Psychiatric disorders such as cognitive impairment, depression, amnesia, psychosis agitation, nightmares, personality disorders, are fairly common complications of neurobrucellosis with or without neurological involvement and could be indicative of the disease especially when it appears at a late age [5].

Vascular complications of brucellosis are rare and it affected preferentially arteries than veins [12,13]. Certain vascular complications have been reported in Tunisia such as deep vein thrombosis (DVT), however, cerebral venous thrombosis (CVT) has not been yet described in this endemic countries [12]. CVT as a manifestation of neurobrucellosis is extremely rare. In 1999, Zaidan et al. [8] reported the first case of brucellosis complicated with cerebral venous thrombosis in Arabia Saudi. In 2013, Faraji et al. described uncontrolled seizures resulting from CVT complicating neurobrucellosis [9].

Septic lateral sinus thrombosis is usually caused by local or regional infections (otitis, mastoiditis…). Many bacteria were described such as Staphylococcus, Enterobacteriaceae, Proteus, Pseudomonas and others species. Brucella melitensis has not been reported in septic lateral sinus thrombosis [14]. Three mechanisms may explain the vein thrombosis: compressive, inflammatory process or hypercoagulable state secondary to the release of toxin or antigen by brucella [12]. In our case, levels of physiological coagulation inhibitors were normal and there was no compressive factor at MRI. CVT seems to be related to the inflammation of the dura constituting the wall of the lateral sinus.

There is no clear guideline for the treatment of brucellosis; however all the authors agree that combination of 2 or 3 antibiotics is mandatory. Some authors recommend the following antibiotics: doxycycline, rifampicin, trimethoprim-sulfamethoxazole, streptomycin, and/or ceftriaxone for a period of 4 to 9 months [4]. Usefulness of anticoagulation therapy remains controversial, some authors think that it prevents the extension of thrombosis and recommend its use in all cases of CVT regardless to its origin septic or aseptic [14].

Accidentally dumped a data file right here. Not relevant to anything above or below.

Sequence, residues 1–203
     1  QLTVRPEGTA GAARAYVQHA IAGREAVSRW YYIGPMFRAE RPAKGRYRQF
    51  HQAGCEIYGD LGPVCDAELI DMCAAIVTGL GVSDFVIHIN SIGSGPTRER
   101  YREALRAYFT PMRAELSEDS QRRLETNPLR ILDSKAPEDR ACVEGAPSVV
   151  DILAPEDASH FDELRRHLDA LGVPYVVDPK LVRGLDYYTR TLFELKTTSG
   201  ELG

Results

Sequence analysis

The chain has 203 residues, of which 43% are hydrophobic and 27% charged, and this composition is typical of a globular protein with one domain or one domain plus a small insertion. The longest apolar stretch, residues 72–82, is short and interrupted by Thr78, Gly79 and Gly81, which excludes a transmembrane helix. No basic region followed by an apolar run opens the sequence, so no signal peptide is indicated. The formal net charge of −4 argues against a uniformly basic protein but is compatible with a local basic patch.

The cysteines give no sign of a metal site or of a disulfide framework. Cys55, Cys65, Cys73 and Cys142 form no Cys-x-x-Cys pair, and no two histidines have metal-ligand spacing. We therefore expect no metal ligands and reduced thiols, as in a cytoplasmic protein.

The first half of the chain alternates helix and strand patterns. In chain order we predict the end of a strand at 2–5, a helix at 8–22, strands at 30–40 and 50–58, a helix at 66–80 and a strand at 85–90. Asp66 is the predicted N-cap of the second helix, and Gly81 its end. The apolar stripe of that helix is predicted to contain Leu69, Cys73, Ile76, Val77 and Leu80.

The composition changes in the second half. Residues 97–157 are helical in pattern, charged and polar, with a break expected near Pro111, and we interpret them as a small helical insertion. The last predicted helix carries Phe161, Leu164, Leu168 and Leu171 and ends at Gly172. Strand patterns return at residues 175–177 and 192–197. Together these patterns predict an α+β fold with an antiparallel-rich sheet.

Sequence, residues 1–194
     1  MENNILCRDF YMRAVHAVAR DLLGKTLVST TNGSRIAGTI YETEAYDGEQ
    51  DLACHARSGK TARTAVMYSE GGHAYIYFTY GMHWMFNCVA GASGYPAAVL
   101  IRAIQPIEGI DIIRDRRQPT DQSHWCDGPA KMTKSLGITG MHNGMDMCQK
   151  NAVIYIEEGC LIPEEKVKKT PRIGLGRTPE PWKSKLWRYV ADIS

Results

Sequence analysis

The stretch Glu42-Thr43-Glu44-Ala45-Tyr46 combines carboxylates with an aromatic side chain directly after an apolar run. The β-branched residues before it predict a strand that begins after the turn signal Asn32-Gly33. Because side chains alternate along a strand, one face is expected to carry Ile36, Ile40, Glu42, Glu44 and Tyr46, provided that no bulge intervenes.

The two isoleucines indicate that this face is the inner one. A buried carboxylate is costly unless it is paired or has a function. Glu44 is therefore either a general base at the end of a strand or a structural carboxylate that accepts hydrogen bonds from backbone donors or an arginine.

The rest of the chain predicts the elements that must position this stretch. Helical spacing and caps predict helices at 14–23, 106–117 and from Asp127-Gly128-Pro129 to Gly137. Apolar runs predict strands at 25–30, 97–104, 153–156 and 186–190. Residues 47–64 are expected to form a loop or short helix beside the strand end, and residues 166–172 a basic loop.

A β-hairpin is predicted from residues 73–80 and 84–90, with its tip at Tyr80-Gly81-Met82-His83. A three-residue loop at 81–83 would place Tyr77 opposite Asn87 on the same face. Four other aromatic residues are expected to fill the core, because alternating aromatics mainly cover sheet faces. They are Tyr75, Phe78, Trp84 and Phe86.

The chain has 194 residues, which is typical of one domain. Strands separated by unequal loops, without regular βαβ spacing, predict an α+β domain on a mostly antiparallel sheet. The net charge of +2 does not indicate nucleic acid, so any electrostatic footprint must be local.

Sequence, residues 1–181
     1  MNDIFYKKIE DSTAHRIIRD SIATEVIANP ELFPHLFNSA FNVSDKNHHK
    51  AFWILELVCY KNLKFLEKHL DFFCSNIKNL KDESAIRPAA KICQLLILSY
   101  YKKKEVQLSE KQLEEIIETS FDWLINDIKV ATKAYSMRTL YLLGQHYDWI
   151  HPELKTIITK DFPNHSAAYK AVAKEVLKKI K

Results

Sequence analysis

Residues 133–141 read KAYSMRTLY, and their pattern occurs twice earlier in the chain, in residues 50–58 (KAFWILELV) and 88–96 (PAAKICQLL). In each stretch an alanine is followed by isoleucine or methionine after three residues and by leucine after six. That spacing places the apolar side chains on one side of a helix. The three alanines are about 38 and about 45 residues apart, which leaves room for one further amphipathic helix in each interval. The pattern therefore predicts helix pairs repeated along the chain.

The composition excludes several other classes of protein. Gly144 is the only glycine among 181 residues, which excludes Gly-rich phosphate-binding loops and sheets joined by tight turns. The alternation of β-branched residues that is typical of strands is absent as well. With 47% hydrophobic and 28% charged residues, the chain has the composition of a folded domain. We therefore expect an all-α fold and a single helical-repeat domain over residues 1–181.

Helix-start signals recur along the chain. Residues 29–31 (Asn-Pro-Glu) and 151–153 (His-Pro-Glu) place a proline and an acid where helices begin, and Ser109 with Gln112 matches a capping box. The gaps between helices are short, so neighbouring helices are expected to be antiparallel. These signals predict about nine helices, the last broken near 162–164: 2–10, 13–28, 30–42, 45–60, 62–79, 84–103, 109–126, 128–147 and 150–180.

Neurological complications of brucellosis are rare but polymorph and nonspecific, they could be severe and life threatening. Psychiatric symptoms and CVT are rarely observed. It is important to think about brucellosis in endemic areas. Blood tests should be performed rapidly. Early diagnosis and specific treatment are the unique guarantee to have good prognosis and better outcomes.


Citation: Sakka S, Bouzidi N, Feki I, Abbes W, Dammak M, et al. (2016) Cerebral Venous Thrombosis Due To Neurobrucellosis: A Case Report. J Neurol Neurophysiol 7:389. Doi: 10.4172/2155-9562.1000389

Copyright: © 2016 Sakka S, et al. This is an open-access article distributed under the terms of the Creative Commons Attribution License, which permits unrestricted use, distribution, and reproduction in any medium, provided the original author and source are credited.